Every two years, the German society for developmental biology (Gesellschaft für Entwicklungsbiologie – GfE) hands out an award for the best PhD thesis of the previous two years. At their society meeting last week, this award went to Marion Silies, for her PhD thesis on glial cell migration.
I met up with Marion after her talk and asked a few questions about her PhD work in Christian Klämbt’s lab, and whether she had any tips for graduate students.
Congratulations on your award. What was your thesis about?
I worked on glial cell migration in the fly peripheral nervous system. I looked at how neurons and glial cells co-regulate their development. In a screen we found a cell cycle regulator with strong phenotypes in the migration of glial cells, but I showed that it has a post-mitotic function, so a function outside of its function in cell cycle: it controls glial cell migration from the neuron, by regulating distribution of a cell adhesion molecule.
What are you doing now? Are you still working on the nervous system?
For my PhD I studied developmental processes, but for my postdoc I moved on to understand how the nervous system functions. I’m in the lab of Tom Clandinin now, at Stanford University.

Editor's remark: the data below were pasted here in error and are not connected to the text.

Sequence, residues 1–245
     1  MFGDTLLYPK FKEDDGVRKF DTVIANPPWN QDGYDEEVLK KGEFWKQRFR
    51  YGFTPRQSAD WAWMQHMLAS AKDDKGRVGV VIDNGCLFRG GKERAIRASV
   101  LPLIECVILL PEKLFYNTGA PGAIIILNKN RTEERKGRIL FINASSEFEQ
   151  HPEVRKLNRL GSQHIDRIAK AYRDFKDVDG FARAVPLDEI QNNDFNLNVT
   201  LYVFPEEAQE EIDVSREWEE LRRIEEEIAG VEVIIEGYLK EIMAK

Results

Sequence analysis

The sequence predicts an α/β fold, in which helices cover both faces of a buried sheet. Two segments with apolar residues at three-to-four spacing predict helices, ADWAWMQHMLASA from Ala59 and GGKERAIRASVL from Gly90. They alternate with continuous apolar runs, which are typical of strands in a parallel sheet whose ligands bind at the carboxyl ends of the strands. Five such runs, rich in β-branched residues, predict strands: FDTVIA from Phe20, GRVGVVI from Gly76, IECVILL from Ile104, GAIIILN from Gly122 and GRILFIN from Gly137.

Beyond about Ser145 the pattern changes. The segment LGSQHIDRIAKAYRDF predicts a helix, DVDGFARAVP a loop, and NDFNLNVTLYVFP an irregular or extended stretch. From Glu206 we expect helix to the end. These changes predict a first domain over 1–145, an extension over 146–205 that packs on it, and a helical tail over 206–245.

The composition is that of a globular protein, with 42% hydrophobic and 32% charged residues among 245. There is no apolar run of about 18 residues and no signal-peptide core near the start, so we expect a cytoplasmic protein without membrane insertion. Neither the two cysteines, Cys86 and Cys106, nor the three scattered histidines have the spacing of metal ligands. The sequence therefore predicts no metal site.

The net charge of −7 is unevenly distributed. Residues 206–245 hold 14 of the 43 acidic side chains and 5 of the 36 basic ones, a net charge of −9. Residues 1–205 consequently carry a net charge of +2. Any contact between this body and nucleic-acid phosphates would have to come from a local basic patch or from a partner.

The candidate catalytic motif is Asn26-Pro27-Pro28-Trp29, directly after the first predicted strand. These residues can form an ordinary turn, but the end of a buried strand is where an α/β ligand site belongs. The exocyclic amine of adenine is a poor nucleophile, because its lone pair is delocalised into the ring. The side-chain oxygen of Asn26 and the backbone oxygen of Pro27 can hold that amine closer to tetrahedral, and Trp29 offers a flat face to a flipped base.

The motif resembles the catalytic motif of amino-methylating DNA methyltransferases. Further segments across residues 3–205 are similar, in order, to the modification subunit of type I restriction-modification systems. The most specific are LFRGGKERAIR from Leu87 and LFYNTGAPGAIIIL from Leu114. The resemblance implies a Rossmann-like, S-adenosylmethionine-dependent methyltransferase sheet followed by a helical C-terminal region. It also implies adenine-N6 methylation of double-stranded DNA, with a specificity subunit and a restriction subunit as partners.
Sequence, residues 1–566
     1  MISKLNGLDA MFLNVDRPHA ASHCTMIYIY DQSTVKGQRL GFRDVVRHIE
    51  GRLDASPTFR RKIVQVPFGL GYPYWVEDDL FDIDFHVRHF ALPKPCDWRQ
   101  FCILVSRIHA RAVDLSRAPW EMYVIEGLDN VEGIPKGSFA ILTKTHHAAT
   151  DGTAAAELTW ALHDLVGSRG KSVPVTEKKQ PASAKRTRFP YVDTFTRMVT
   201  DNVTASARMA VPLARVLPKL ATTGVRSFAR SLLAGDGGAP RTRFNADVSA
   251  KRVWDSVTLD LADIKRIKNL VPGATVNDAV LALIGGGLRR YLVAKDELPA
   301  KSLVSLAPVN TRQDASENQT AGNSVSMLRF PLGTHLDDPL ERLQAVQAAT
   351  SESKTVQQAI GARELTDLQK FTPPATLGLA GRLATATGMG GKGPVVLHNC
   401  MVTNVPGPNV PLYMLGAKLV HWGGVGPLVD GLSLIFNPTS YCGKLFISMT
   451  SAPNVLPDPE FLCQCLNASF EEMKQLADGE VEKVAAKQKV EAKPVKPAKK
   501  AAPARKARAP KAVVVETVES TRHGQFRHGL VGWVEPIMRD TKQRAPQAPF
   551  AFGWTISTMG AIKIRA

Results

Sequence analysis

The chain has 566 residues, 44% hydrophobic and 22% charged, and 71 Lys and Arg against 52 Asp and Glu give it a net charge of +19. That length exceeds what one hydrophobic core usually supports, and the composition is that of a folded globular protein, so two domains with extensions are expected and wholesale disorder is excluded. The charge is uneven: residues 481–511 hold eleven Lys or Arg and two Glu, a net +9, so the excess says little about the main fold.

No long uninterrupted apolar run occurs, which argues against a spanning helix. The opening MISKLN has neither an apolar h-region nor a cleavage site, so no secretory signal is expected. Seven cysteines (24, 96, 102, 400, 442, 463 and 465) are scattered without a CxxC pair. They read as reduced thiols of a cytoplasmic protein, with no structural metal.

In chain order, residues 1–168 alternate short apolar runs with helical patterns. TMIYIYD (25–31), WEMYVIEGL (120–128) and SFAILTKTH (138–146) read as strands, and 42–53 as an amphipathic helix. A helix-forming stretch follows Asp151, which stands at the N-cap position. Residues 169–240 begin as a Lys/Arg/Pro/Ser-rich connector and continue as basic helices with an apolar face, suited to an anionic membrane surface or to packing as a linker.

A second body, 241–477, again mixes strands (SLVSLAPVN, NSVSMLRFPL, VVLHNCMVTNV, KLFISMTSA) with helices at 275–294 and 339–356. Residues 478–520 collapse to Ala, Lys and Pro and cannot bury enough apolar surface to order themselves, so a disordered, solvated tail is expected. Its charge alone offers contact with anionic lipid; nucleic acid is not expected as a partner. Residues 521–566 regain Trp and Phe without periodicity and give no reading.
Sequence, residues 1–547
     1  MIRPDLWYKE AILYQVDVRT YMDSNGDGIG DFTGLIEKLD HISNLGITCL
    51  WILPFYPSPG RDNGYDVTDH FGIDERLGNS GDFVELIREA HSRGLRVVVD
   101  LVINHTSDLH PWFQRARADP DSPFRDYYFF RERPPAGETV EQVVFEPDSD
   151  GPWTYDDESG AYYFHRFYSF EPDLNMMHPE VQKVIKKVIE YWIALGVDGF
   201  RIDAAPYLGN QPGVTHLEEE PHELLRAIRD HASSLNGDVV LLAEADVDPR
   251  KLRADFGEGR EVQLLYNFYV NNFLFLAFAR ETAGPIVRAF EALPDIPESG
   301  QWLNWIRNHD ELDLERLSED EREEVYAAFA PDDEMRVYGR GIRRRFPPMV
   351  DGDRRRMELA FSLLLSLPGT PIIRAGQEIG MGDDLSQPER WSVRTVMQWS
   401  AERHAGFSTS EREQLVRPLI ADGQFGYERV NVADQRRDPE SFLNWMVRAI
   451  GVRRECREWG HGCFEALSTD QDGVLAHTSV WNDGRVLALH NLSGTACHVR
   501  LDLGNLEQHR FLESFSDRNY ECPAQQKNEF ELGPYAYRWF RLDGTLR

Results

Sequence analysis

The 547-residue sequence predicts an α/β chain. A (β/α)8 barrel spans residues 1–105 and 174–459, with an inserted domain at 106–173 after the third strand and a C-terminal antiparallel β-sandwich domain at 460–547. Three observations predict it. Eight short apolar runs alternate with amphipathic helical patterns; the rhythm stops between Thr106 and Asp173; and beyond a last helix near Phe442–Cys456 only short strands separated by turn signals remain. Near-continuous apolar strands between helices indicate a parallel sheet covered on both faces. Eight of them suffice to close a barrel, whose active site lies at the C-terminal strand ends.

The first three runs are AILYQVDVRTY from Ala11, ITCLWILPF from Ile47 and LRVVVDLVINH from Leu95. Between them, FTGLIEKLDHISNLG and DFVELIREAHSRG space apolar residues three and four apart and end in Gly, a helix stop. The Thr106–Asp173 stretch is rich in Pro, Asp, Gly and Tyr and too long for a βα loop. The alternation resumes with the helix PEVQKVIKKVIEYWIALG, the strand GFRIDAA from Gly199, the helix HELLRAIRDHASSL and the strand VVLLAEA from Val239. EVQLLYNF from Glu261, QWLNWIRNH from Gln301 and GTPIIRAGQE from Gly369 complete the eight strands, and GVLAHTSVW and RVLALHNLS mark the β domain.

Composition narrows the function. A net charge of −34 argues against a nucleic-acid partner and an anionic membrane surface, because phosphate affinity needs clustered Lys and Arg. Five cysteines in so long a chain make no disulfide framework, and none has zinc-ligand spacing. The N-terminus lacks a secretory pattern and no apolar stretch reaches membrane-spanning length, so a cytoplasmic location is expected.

Did you have to come back to Germany just to pick up your award?
I would have loved to come just for this meeting, but I was actually in Germany anyway for another meeting, so this just fit very well.
Do you have any tips for current or new PhD students?
My tip for students about to start their PhD would be to pick something that they’re really excited about. I think this is the most important thing: A PhD takes a long time, and you put in a lot of work, so try to find something that you really like. A lot of people think that they have to be at a very prestigious university, or at a very well-known institute. I would say: go wherever you want – just find something that you really like to do, and find a nice boss.
Read more about Marion’s thesis work:
Silies M, & Klämbt C (2010). APC/C(Fzr/Cdh1)-dependent regulation of cell adhesion controls glial migration in the Drosophila PNS. Nature neuroscience, 13 (11), 1357-64 PMID: 20890296